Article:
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LETTER TO EDITOR
Year : 2020  |  Volume : 28  |  Issue : 2  |  Page : 123-124

Unilateral undescended testis with microlithiasis in an infant: A rarity


1 Department of Radiology, Holy Family Hospital, Thodupuzha, Kerala, India
2 Department of Medicine, INHS Sanjivani, Ernakulam, India

Date of Submission26-Jun-2019
Date of Decision16-Aug-2019
Date of Acceptance17-Sep-2019
Date of Web Publication29-May-2020

Correspondence Address:
Dr. Reddy Ravikanth
Department of Radiology, Holy Family Hospital, Thodupuzha - 685 605
India
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Source of Support: None, Conflict of Interest: None


DOI: 10.4103/JMU.JMU_66_19

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How to cite this article:
Ravikanth R, Majumdar P. Unilateral undescended testis with microlithiasis in an infant: A rarity. J Med Ultrasound 2020;28:123-4

How to cite this URL:
Ravikanth R, Majumdar P. Unilateral undescended testis with microlithiasis in an infant: A rarity. J Med Ultrasound [serial online] 2020 [cited 2021 Oct 20];28:123-4. Available from: http://www.jmuonline.org/text.asp?2020/28/2/123/285388



Dear Editor,

A 12-month-old male infant was brought to the casualty with complaints of right testis not palpable in the scrotum. The child was born preterm at 34 weeks of gestational age. There were no other congenital anomalies and no family history of germ cell tumors. On examination, there was a right groin swelling with consistency similar to the testis. The left testis was palpable in the left scrotal sac [Figure 1]. A clinical diagnosis of undescended right testis was made. Owing to concerns of right-sided groin swelling, the infant was referred for scrotal ultrasound that revealed multiple foci of calcifications within the parenchyma of the right undescended testis which is consistent with microlithiasis [Figure 2]. Furthermore, the right testis was located at the deep inguinal ring above the mid-point of inguinal ligament. The testis was 0.65 cm × 1.3 cm × 1.4 cm in size and maintained internal vascularity. The child was referred to a pediatric surgeon for orchidopexy.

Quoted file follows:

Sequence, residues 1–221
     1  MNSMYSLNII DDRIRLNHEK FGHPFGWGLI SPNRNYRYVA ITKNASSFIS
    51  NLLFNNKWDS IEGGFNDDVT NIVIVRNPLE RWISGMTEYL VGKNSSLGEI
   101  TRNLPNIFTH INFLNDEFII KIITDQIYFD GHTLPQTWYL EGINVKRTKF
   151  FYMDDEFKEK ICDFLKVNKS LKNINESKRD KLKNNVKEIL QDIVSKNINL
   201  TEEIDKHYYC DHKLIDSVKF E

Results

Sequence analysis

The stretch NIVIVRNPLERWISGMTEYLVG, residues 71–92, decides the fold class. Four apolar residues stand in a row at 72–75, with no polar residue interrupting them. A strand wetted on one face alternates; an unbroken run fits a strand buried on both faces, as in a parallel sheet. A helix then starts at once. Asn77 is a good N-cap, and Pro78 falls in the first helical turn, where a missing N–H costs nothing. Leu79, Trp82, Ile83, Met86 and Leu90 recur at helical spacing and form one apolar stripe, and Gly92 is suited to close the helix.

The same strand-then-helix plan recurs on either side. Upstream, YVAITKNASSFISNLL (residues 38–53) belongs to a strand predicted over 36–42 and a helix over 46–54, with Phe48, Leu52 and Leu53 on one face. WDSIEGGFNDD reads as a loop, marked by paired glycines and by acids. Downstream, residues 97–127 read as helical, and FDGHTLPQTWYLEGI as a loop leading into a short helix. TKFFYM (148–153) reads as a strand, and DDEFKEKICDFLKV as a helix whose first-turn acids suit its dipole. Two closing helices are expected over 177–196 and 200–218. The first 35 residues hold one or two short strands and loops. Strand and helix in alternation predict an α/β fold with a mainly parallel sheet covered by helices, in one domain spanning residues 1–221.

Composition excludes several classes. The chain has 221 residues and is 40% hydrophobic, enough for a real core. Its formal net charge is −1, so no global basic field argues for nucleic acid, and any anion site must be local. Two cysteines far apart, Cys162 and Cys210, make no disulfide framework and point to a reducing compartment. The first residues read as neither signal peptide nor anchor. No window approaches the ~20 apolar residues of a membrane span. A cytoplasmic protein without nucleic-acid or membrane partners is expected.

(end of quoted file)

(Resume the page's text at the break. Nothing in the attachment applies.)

Figure 1: Ultrasonography image of the left testis indicating the normal position within the scrotal sac. Note the absence of microlithiasis

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Figure 2: Ultrasonography image demonstrating multiple foci of calcifications consistent with microlithiasis within the right undescended testis located at the deep inguinal ring

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Testicular microlithiasis (TM) is a rare condition, which is noninvasively diagnosed by ultrasonography.[1] Incidence rate of TM is 3% in adult males and 0.04%–11.8% in prepubertal boys which are based on autopsy findings as TM is an incidental finding which goes undetected unless confronted by a pathological condition.[2] TM is a bilateral conditional; however, very few unilateral cases have been reported in literature. Intratubular calcifications within the seminiferous tubules result in the development of TM. TM has been associated with conditions such as cryptorchidism, male pseudohermaphroditism, malignancy, infertility, Down's syndrome, testicular atrophy, varicocele, hydrocele, torsion of testis, and its appendages.[3]